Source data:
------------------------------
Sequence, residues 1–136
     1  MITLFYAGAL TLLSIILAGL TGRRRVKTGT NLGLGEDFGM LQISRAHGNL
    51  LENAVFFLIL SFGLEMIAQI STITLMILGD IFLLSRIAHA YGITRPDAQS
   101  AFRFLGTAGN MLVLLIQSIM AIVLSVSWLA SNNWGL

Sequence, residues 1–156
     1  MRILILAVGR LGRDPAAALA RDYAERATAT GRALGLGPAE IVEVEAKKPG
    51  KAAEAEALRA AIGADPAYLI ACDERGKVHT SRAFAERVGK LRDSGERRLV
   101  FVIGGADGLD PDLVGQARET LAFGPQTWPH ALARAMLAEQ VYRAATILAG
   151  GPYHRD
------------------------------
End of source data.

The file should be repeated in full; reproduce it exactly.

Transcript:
Sequence, residues 1–136
     1  MITLFYAGAL TLLSIILAGL TGRRRVKTGT NLGLGEDFGM LQISRAHGNL
    51  LENAVFFLIL SFGLEMIAQI STITLMILGD IFLLSRIAHA YGITRPDAQS
   101  AFRFLGTAGN MLVLLIQSIM AIVLSVSWLA SNNWGL

Sequence, residues 1–156
     1  MRILILAVGR LGRDPAAALA RDYAERATAT GRALGLGPAE IVEVEAKKPG
    51  KAAEAEALRA AIGADPAYLI ACDERGKVHT SRAFAERVGK LRDSGERRLV
   101  FVIGGADGLD PDLVGQARET LAFGPQTWPH ALARAMLAEQ VYRAATILAG
   151  GPYHRD